Here is a good place to start: choose an area (i.e. arms) and add a specialization day to your strength training program. Make this days short, but challenging. This is a good time to utilize drop sets, forced reps, pre-exhaustion etc. Stick with the same area for three weeks, back off a week, and either choose a new area for three weeks or continue with the previous selection. Maybe you’ll do calves like Tony does?

4. Appreciate that various characteristics relate to throwing velocity.

A study conducted in 2009 by The Open Sports Medicine Journal looked at the relationship between six anthropometric (body height, body mass, body mass index (BMI), arm span, hand spread and length) and four physical fitness (aerobic capacity, explosive power of the lower limbs, flexibility and running speed) characteristics and their relationship to throwing velocity in female handball players. The study found that “throwing performance is significantly correlated with all variables calculated in this study except of the body mass index. This suggests that high performance requires advanced motor abilities and anthropometric features.”

This isn’t revolutionary, and the study does not go into details (that have been found important to velocity) such as joint mobility, stiffness and laxity. However, it is interesting to note that the researchers ranked each characteristic in order of importance in terms of the effect on velocity:

1. Hand Spread
2. Playing Experience
3. Arm Span
4. Body Height
5. Standing Long Jump
6. 30m Sprint
7. Sit and Reach
8. Body Mass.
9. VO2max
10. Body Mass Index

As you’ll see, the recipe for success will always be a combination of genetic pre determents, mechanical skill (sport practice), and physical performance traits (explosiveness, strength, etc). Two out of three of those you have control over, and if you are willing to put the work in, you can make up for quite a bit that Mommy and Daddy didn’t pass on to you.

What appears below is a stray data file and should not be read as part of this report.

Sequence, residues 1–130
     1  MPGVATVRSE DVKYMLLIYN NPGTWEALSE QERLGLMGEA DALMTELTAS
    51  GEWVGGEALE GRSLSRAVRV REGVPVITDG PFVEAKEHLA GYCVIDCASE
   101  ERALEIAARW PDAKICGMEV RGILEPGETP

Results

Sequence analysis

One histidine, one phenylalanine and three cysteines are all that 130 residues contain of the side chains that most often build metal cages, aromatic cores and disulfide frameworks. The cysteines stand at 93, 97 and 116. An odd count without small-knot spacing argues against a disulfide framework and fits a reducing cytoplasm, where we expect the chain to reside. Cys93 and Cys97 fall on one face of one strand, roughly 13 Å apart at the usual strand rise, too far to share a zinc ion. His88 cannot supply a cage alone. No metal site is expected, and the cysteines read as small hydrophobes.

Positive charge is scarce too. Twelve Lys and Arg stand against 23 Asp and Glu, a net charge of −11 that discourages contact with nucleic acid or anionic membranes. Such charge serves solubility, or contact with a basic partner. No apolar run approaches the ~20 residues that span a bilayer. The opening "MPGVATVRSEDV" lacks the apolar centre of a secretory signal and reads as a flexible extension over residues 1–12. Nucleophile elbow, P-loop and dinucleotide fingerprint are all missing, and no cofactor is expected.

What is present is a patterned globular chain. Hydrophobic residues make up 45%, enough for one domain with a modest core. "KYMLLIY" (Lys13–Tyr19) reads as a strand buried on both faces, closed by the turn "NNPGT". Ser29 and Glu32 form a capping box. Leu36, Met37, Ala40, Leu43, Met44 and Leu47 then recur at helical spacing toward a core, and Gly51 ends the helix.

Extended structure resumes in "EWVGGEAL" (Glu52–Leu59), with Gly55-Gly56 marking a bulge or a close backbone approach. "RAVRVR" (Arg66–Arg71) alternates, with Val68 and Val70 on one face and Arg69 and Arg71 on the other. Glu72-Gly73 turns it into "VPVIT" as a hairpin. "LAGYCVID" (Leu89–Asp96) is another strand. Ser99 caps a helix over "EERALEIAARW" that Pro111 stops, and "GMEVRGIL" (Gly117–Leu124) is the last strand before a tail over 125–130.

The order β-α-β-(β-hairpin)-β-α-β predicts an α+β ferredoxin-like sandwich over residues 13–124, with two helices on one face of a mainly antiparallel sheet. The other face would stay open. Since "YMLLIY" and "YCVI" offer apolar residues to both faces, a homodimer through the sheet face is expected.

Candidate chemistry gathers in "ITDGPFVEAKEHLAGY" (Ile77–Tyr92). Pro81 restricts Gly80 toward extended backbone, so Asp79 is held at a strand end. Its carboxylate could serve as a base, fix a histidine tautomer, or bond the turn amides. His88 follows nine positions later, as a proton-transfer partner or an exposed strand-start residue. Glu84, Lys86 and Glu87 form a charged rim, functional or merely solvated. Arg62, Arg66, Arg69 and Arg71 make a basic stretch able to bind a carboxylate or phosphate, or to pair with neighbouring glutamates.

EC’s notes: three interesting asides to this…

First, it’s interesting that body mass index wasn’t more highly ranked, as body weight has been shown to have a significantly positive association with throwing velocity in baseball pitchers. The primary difference between these two populations, of course, is that the handball players aren’t throwing downhill on a mound, so perhaps having a greater body mass benefits pitchers because they’re more “gravity-aided?”

Second, this is friendly reminder that your silly long distance running won’t do anything for throwing velocity.

Third, the researchers only tested straight-ahead (sagittal) plane measures of power development. If they’d tested power development in the frontal and transverse planes, I’d expect to see a greater value for these measures.

5. Don’t limit yourself.

Have you heard this before?

If I do everything you say, and work as hard as possible, do I have a shot at: making it, losing 10lbs, benching 315?

The answer is always YES; why would it be NO? We are all capable of impressing – and even surprising – ourselves with what we are capable of doing. Not everyone (even with an insane work ethic) is going to look like Captain American or play on ESPN. It doesn’t matter.

What matters is that you never shot for something less than that. You gave everything you had, and you ran that course until it was over. Wherever that point may be, you arrived there knowing that you didn’t leave anything in the tank. This is the absolute most you could do, given the tools you had, and you can be happy and fulfilled knowing that. If you attack everything with that mentality, you will be successful and happy with the result, even if that result isn’t exactly what you thought it was when you got started.